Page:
Dorothy Gibbs is the honouree at the Alzheimer Society's Walk for Memories

In living memory

Volunteer Dorothy Gibbs to be honoured at this year's Alzheimer's walk in Surrey.

It’s almost a certainty that on the morning of July 10, Dorothy Gibbs will stroll down to White Rock beach, sit on one favourite bench, and remember.

With any luck, she’ll witness a train pass by.

Dorothy, 81, has done this annual pilgrimage for the 10 years since her husband Robert (Bob) passed away.

That bench on West Beach was part of a daily ritual for the two of them.

Bob would swim at 6 a.m. at a local pool. Then eat breakfast. Then he and Dorothy would sit on the bench at the beach. They wouldn’t leave until a train had passed by.

The importance of a daily routine for someone like her husband was something Dorothy had known for some time.

She learned it at an Alzheimer’s caregiver support group she attended after her husband was first diagnosed with the disease.

Around the time of his retirement, Bob, a gregarious, humourous man, showed signs that something was wrong with his memory.

After some time, a concerned Dorothy sought advice at an Alzheimer’s Society open house in White Rock.

The greeter welcomed Dorothy with a hug and asked how she could help.

“I just collapsed in tears and left,” Dorothy now recalls with a chuckle.

She did come back, of course, learned what she could, and over time, managed to convince her husband’s health care providers he was indeed having problems and was good at hiding them behind good Scottish cheer and banter.

Avalon Tournier, the support and education coordinator for Surrey/North Delta/White Rock at The Alzheimer Society of B.C., remembers Bob as “likable and quick-witted.”

While he attended a support group for those with Alzheimer’s, Dorothy took on the challenge as a caregiver and found out what she could at her own support groups.

She learned about the importance of routine, tidiness and simple communication to help her husband cope during his slow cognitive decline.

She was taught to use distractions when her husband repeated the same sentences – it was also a way to reduce his frustration, since he knew things weren’t right.

For years, he swam every morning.

“It was very good for him,” says Dorothy.

He only stopped swimming about two years before his death (from an illness not related to Alzheimer’s disease) because of an argument in the change room.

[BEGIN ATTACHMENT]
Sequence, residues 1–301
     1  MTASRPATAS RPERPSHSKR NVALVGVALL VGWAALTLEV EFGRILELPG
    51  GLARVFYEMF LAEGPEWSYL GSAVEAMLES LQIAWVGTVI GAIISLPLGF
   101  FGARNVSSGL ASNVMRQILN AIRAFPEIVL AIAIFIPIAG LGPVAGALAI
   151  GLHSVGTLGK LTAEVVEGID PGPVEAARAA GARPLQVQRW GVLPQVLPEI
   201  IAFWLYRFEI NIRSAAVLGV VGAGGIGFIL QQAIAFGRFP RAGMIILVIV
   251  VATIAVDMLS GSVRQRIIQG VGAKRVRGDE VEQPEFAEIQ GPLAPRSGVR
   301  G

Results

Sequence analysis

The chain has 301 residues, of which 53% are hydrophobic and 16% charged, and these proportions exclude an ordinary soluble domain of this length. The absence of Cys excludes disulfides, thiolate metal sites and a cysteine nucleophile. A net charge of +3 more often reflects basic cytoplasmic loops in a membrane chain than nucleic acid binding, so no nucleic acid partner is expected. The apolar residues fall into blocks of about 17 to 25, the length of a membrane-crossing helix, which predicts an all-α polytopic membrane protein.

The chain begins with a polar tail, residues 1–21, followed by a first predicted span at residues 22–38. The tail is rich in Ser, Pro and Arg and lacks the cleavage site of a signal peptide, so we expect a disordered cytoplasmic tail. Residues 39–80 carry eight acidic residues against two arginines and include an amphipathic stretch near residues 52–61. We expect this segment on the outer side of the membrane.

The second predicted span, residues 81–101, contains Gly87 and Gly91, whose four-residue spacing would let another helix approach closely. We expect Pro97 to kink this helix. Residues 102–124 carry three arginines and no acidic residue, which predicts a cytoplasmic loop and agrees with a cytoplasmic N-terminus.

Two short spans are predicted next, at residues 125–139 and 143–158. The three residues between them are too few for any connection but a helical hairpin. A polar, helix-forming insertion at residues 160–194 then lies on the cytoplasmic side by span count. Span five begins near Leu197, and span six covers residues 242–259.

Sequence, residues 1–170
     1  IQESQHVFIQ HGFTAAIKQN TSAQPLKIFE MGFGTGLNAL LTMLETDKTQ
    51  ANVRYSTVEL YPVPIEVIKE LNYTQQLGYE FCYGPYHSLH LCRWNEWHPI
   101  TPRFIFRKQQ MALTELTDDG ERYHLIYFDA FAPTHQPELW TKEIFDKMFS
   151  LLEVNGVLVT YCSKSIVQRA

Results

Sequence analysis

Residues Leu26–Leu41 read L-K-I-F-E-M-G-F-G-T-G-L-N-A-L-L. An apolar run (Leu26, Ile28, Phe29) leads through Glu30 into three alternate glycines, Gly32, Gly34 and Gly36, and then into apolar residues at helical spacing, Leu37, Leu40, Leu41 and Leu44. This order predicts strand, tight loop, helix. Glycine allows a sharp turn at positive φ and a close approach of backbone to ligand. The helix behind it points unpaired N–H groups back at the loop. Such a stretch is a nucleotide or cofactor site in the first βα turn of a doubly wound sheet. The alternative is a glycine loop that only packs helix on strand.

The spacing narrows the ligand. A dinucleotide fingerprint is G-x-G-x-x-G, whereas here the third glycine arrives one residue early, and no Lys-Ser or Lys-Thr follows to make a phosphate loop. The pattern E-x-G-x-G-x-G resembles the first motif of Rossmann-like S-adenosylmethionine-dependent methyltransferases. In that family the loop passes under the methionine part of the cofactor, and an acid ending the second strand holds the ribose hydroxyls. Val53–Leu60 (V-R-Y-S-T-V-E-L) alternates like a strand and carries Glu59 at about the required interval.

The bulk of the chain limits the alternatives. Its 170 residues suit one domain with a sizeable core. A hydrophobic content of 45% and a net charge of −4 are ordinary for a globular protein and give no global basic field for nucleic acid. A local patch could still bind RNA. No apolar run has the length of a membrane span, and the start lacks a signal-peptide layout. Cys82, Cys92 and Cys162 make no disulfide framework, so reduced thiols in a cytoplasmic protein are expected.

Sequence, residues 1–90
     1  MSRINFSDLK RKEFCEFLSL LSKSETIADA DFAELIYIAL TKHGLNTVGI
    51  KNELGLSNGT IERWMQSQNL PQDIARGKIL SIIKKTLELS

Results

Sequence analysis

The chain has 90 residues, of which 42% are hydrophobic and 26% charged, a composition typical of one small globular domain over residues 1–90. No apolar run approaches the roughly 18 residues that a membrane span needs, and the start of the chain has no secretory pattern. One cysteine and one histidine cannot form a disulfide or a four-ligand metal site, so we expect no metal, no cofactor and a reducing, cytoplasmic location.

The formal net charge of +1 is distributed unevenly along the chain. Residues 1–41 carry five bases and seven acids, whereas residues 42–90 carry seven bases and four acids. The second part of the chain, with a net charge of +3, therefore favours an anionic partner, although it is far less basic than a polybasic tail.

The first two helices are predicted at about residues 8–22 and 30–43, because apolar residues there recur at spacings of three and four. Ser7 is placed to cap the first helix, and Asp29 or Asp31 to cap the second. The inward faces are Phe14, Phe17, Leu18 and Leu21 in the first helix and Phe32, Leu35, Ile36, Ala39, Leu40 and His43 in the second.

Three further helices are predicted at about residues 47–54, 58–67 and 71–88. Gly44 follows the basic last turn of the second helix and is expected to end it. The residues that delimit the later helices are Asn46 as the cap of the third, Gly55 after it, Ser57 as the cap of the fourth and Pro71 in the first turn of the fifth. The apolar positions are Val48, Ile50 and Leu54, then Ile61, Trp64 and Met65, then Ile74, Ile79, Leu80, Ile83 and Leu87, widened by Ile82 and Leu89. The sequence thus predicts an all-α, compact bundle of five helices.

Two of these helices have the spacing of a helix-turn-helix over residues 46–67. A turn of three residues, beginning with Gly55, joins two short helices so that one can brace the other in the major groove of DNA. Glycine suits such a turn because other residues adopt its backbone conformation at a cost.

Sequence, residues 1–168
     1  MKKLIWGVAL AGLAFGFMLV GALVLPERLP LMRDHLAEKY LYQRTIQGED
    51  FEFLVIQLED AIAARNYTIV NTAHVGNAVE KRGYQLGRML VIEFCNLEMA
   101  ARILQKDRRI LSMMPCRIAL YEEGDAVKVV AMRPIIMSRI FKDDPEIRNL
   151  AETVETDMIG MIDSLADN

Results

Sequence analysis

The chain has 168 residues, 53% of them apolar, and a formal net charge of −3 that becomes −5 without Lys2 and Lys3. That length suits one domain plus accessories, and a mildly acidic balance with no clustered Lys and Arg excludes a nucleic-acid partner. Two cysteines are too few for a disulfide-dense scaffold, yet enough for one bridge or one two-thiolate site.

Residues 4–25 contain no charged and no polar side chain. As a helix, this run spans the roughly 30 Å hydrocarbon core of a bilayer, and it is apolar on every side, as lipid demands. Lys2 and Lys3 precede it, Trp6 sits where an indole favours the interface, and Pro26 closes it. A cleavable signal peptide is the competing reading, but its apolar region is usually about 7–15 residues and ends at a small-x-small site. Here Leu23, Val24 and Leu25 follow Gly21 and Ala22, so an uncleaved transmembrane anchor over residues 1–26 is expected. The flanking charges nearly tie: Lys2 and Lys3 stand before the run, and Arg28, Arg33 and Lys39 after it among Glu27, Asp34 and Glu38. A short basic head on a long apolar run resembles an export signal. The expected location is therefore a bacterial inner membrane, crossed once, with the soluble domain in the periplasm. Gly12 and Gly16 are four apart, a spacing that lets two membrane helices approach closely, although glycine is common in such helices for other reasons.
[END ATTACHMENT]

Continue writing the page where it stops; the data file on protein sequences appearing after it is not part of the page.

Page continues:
Bob was stunned when an acquaintance asked him point-blank: “Why can’t you carry on an intelligent conversation?”

Bob turned around and said he had Alzheimer’s disease and never went back.

Dorothy describes another incident following his death two years later.

After her husband’s memorial service, Dorothy asked one of her two daughters about why she didn’t grieve at the event that day like the rest of the family.

The daughter replied that her grieving began the day she was told her father had Alzheimer’s disease.

After he died, Dorothy continued volunteering with the Alzheimer’s Society, organizing support groups, and she still makes calls to remind clients of upcoming meetings.

This month, she’s the honouree at the society’s annual Walk for Memories fundraiser event for the Surrey/North Delta/White Rock region.

The Investors Group Walk for Memories in support of the Alzheimer’s Society of British Columbia takes place on Jan. 25 from 1-3:30 p.m. at Eaglequest Golf at Coyote Creek, 7778 152 St. Registration begins at 11 a.m. For more details, visit


70,000 reasons to walk


• Alzheimer’s disease is a progressive and degenerative brain illness, which causes thinking and memory to become seriously impaired.

• Several medications are available to treat some symptoms of Alzheimer’s disease. However, they do not stop its progression.

• More than 70,000 British Columbians have Alzheimer’s disease or dementia.

• 10,000 of them are under 65.

• Women represent 72 per cent of Canadians living with Alzheimer’s disease.

• The Alzheimer’s Society works to promote brain health, support those living with the disease and their families, challenge the stigma of Alzheimer’s disease, and support research for effective treatments and a cure.

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